A tropical All Hallow’s Eve tale

Published 5:54 pm Tuesday, October 24, 2023

By John Nelson


Halloween, or All Hallow’s Eve as it’s sometimes called, is a strange celebration. Since it falls on Oct. 31 and precedes All Saints’ Day, there’s a veneer of Western Christianity, but it’s applied over a thicker layer of paganism going back to the Celtic celebration of Samhain.

Sign up for our daily email newsletter

Get the latest news sent to your inbox

The origins are diverse, but they all suggest a time when the veil between the living and the dead gets a little thin.

I’ve never been one to put much credence in accounts of the dead returning except those presented in the Bible when God had a reason for their reappearance.  But I’ve never ruled out the possibility, and I certainly don’t make a practice of placing myself in the path of visitors from the spirit world.

But there was this one time when I might have provoked the spirits, and of all places, it was on the little tropical atoll of Diego Garcia in the middle of the Indian Ocean – certainly not on the list of haunted places where ghost hunters go tramping about on Halloween.

My introduction to Diego Garcia came in the mid-80’s when an assignment to a military support ship took me there, and for the next thirteen years I would maintain contact with that unique little island.

As a history lover, I soon delved into the island’s past beginning in the 1700’s when Diego Garcia and the other islands in the Chagos Archipelago were under French control and home to coconut plantations.

As a result of France’s defeat in the Napoleonic Wars, the French island of Mauritius along with its satellite islands in the Chagos became British possessions though little changed on the plantations.  They were still managed by French owners, had something of a French Creole culture, and economies based on copra and coconut oil production.

No real change occurred until the early 70’s when Diego Garcia’s strategic location made it attractive to America and Great Britain as a base to counter the Soviet Union’s incursions into the Indian Ocean.  Thus the Britts established the British Indian Ocean Territories, leased Diego Garcia to the U.S., and in the name of security, deported about 1500 inhabitants from Diego Garcia and other islands of the archipelago to Mauritius and the Seychelles.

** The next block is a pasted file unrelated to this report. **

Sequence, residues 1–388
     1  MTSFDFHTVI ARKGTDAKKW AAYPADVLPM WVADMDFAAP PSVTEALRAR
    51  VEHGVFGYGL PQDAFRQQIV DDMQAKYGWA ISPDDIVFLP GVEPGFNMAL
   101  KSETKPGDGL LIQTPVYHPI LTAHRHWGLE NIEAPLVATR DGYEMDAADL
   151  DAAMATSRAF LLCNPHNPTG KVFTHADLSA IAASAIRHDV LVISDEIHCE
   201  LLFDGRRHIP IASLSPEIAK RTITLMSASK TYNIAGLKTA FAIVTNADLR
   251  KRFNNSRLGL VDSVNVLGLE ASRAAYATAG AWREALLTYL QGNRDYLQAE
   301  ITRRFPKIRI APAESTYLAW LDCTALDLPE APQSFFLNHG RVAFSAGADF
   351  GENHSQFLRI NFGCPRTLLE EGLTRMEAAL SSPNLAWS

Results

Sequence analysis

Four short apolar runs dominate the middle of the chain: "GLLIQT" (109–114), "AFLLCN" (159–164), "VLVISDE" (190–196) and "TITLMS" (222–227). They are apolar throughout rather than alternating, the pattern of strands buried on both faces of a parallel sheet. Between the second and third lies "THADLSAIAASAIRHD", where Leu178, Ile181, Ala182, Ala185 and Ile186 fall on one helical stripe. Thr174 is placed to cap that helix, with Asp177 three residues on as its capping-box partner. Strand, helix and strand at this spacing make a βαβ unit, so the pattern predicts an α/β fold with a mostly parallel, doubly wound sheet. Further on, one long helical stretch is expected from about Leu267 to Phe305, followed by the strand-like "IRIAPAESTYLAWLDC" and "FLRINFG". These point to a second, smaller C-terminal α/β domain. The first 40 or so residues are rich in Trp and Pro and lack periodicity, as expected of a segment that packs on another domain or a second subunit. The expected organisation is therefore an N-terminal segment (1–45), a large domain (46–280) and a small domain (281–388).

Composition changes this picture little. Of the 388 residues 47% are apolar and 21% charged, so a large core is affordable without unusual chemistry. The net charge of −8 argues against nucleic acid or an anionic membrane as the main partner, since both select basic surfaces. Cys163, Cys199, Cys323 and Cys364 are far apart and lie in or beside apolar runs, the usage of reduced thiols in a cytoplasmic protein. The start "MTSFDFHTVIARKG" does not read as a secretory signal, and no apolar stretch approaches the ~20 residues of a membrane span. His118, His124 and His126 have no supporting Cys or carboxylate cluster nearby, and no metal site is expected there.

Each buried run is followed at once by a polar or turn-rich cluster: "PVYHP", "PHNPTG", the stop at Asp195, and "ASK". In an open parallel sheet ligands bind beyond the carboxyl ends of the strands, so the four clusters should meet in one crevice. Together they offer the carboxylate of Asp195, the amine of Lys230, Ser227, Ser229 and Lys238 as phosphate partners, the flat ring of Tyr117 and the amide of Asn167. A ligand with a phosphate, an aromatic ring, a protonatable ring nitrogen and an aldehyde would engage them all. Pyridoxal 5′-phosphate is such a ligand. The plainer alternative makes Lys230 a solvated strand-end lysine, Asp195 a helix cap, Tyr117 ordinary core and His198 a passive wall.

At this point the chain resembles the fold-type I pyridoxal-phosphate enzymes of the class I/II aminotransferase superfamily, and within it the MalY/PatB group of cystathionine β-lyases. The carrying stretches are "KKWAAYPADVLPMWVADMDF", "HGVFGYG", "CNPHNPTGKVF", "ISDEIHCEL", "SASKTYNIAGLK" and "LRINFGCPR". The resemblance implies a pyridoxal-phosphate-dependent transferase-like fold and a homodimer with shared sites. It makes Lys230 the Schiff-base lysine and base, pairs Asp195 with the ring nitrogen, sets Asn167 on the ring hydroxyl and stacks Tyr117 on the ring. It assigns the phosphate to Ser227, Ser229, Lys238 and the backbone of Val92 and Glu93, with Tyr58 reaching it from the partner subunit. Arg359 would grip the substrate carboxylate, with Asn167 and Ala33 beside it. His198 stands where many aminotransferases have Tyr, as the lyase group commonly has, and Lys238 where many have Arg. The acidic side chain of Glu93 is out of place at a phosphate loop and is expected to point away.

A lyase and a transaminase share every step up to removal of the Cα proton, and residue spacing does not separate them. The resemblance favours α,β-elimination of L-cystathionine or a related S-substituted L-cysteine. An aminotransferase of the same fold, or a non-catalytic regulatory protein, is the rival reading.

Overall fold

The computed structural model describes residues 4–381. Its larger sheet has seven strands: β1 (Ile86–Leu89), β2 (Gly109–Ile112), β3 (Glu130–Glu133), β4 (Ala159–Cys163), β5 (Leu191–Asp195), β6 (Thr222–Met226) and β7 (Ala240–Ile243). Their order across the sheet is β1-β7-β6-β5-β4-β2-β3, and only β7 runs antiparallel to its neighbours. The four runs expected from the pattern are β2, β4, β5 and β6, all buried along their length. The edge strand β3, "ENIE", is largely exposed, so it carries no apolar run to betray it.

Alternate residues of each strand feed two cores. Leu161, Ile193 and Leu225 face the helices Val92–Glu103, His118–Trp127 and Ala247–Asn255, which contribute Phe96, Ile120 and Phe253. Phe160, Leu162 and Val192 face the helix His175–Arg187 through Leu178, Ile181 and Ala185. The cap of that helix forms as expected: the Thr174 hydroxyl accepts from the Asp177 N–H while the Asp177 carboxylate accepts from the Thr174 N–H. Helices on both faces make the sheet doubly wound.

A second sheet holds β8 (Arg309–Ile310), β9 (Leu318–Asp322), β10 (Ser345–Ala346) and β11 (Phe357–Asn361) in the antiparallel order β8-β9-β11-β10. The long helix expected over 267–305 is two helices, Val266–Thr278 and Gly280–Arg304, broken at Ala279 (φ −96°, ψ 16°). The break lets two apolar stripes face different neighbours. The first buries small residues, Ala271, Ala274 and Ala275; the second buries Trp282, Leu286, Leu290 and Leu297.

I remember as a youngster the thrill of roaming through an abandoned house and examining its contents, and on Diego Garcia, there remained one plantation at East Point that was still mostly intact and ripe for exploring.

During my early days on the island, I met a Scotsman who also had a love of history, and on weekends, the two of us would rummage through the buildings at East Point.  We examined the structures and the remaining contents to piece together how they had fit into this strange 18th century plantation that had existed right up to the early 70’s.

One structure that seemed a little odd was the mortuary with its strong construction and iron door. We wondered if it was designed to keep folks out or something in.

Behind the mortuary was the bleeding stone where bodies were placed and the blood captured by intricate grooving that funneled it to a central exit point to drain out on the ground.  Since one would expect a rather speedy burial on a tropical island, we wondered why this was necessary.

We would learn that some of this peculiarity resulted from the hybrid religion once practiced by the plantation workers.  Its base was Roman Catholicism introduced by the French, but to that had been added beliefs brought in by slaves from Africa and mixed with the religion of Malagasy slaves whose culture was more closely linked to Indonesia.

Take all that and throw in some Hinduism introduced by indentured workers from India and let it simmer for a couple of hundred years on a small remote island with little contact with the outside world, and it’s no wonder that some weird practices had emerged.

Evidence that there was a dark side to Diego Garcia came from books in the hands of a Mauritian friend who worked on the island.  They had been written by Father Roger Dussercle, a Catholic priest based on Mauritius, who made visits to the Chagos islands in the 1930’s and 40’s.

Father Dussercle was greatly concerned about non-Christian practices and described death ceremonies on Diego Garcia as savage and barbarous with an intent to prevent the dead from haunting the living.  He went on to state that the rites continued for eight days and included such things as witchcraft, hellish incantations and invocations, orgies, lascivious dancing, and revolting acts committed on the corpse.

All this really intrigued my Scottish friend who had an inclination toward the supernatural.  He decided that we should stake out the plantation on All Hallows’ Eve and keep a particular watch on the mortuary and bleeding stone.

This was definitely not my cup of tea, but we had been exploring the history of the island together, and I couldn’t think of a good reason not to go along with the plan.